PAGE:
Germany-based Merck Group announced earlier that it will break ground for a new semiconductor manufacturing and R&D center in Kaohsiung in the third quarter of 2022. Additionally, the group will expand the facilities of its plant in the Luzhu (Kaohsiung) campus of the STSP to develop semiconductor deposition materials.
In 2020, Japan-based Tokuyama announced that it will form a joint venture in Taiwan with the Formosa Plastics Group (FPG) to manufacture and sell high-purity isopropyl alcohol (IPA) to the electronics industry. Other Japanese firms, including Fujibo Holdings, Tokyo Electron and Valqua, have also accelerated their deployments at STSP.
Meanwhile, Air Liquide Far Eastern (ALFE), an industrial gas joint venture between France-based Air Liquide Group and Taiwan-based Far Eastern Group, recently kicked off operation of a low-carbon hydrogen water electrolysis plant in the Tainan Science and Technology Industrial Zone. The plant, a significant investment in Taiwan by a French company, will provide ultra-high-purity hydrogen for EUV applications required by Taiwan's semiconductor industry.
Leading market position
While keenly competing with Samsung Electronics and Intel in the sub-7nm advanced process node market, TSMC appears to have gained the upper hand by securing chip orders from Apple and other primary IC vendors.
On the other hand, Intel touted recently that it will kick off the production of its 20A (2nm) products in early 2024 and 18A (1.8nm) in the second half of 2024, or a few months ahead of schedule. But recent market reports indicated that Intel's developments of advanced process nodes and related platform products have been delayed. And the US chip giant has yet to gain meaningful presence for its wafer foundry service.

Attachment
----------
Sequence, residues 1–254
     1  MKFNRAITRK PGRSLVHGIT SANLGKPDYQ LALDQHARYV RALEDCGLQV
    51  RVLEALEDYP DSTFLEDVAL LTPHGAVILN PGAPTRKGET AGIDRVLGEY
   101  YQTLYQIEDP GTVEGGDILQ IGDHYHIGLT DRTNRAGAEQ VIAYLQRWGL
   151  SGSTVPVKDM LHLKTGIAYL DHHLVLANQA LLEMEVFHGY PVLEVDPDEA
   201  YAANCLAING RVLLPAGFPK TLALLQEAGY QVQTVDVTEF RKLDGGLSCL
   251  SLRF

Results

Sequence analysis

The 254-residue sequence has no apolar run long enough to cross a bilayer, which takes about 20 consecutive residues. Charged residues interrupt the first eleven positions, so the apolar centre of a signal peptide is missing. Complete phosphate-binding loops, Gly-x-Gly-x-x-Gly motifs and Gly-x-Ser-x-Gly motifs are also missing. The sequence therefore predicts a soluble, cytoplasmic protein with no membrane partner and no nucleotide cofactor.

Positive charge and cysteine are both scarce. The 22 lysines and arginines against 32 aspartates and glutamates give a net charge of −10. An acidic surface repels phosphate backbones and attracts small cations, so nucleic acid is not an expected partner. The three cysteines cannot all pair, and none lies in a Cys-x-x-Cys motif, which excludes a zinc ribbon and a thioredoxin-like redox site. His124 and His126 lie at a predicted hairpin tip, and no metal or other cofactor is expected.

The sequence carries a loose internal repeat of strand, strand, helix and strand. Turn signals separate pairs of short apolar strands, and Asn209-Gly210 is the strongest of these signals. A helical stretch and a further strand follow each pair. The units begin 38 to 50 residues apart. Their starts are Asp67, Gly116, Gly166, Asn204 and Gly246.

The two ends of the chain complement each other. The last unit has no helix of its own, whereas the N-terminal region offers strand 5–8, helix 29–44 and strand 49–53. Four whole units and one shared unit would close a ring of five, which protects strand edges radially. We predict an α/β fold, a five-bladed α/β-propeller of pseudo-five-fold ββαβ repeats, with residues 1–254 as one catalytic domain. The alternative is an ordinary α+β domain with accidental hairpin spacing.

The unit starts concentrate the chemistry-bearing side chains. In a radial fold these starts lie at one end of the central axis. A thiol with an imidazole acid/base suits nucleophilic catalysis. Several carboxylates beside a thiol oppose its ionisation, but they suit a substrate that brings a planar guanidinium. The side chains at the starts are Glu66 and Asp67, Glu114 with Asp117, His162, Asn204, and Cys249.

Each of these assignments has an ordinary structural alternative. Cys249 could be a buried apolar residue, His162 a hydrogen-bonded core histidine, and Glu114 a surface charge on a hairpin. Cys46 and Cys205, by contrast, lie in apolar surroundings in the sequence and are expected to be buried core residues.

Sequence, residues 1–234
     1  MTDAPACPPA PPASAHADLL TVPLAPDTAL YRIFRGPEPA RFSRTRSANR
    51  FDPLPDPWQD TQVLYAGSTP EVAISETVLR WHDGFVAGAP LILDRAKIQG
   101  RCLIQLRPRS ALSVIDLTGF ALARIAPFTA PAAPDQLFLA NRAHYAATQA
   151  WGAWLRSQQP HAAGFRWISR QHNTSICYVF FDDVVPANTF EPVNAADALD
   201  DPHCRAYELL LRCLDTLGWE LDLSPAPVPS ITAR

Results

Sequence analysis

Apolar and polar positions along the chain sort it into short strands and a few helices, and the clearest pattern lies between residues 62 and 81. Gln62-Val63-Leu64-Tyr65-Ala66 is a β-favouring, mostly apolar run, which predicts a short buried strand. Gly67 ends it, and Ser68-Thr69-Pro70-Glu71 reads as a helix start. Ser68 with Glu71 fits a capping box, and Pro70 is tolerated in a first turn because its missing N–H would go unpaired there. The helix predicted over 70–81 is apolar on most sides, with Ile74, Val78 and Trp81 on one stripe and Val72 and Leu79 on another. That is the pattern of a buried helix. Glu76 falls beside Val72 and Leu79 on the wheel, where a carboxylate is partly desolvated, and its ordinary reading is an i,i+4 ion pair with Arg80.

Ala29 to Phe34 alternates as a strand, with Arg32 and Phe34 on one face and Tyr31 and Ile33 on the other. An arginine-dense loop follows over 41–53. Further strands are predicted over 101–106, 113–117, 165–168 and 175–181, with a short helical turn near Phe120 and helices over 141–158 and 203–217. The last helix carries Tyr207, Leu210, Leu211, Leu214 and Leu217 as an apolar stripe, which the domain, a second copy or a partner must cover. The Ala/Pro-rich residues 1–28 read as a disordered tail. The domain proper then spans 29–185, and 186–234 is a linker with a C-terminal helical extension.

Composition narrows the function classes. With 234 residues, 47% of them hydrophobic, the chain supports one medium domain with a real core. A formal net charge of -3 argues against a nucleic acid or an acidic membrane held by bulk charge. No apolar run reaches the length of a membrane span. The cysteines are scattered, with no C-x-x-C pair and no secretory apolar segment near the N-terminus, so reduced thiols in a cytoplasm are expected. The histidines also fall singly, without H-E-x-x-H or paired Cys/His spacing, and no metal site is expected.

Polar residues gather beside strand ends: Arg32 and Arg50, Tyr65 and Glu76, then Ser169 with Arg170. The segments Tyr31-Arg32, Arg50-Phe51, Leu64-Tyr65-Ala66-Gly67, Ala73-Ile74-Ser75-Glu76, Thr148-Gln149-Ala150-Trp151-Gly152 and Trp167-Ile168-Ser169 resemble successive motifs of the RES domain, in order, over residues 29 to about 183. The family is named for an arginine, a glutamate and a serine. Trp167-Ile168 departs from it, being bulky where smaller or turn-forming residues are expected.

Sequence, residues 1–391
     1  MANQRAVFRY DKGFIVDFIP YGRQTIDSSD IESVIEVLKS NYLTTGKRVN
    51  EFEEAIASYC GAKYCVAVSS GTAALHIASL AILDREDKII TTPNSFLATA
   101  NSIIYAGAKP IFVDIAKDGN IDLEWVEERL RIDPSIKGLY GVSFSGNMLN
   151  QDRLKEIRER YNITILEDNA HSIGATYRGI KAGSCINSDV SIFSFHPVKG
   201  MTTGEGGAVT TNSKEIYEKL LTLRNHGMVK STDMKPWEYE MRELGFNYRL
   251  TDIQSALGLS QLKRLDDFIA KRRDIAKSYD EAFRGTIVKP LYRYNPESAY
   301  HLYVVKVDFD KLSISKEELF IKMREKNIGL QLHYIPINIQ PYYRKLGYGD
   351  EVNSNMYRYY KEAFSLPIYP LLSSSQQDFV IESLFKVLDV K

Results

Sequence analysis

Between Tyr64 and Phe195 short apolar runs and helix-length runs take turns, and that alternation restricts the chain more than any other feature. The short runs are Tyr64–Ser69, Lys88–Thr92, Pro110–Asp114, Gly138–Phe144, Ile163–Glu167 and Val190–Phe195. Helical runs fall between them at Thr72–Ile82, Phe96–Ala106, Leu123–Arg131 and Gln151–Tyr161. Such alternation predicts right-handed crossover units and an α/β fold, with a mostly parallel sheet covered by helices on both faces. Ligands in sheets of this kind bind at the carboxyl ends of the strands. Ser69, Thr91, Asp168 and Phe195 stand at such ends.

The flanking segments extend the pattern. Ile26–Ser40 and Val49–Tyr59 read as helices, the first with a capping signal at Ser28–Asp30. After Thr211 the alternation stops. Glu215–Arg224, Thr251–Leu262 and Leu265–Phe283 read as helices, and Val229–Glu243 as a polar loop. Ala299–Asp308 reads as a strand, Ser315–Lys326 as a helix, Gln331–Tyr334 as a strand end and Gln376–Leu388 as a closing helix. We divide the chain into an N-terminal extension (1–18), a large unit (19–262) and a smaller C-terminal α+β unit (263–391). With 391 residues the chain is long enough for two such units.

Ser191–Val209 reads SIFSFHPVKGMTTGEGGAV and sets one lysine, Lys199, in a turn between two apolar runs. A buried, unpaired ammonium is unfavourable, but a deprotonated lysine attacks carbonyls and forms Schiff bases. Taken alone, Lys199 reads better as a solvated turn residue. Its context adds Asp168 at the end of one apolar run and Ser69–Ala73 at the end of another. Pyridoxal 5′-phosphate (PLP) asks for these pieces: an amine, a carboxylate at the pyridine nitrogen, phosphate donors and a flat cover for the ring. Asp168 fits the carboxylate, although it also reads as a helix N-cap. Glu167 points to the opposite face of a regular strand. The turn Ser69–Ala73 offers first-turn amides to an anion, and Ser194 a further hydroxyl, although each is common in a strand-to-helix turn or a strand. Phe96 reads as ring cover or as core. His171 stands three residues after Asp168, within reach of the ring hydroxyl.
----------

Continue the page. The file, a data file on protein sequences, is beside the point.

Samsung began production for its 3nm gate-all-around (GAA) process node at the end of June. However, the feedback from the client side has not been enthusiastic, and the industry's evaluation regarding the performance of the 3nm GAA technology has been lower than expected.
And according to Samsung's technology roadmap, it will unveil its 3GAP (3nm gate-all-around plus) process node in 2023, followed by its 2nm technology in 2025.
Neither Intel's 20A and 18A process nodes nor Samsung's 3nm GAA and 2nm GAA process technologies can really compete effectively against TSMC in the 2nm-generation, according to sources from the semiconductor equipment sector, judging from yield rates, client bases, order sizes and track records of these companies.
Meanwhile, TSMC will likely begin mass-producing its 3nm family products in September 2022 and launch its 2nm GAA process node in 2025. TSMC's 2nm GAA will use a new multi-bridge channel field effect transistor (MBCFET) architecture based on the GAA process.
More importantly, Apple and other clients, including Nvidia, Supermicro, Qualcomm, MediaTek, Broadcom, and even Intel, have already booked the bulk of TSMC's advanced processing capacity.
Although Samsung and Intel have accelerated the development of their advanced process technology and spent much money on EUV equipment, the difficulty in securing sufficient orders and customer support means they are facing an uphill battle trying to unseat TSMC in the foundry sector.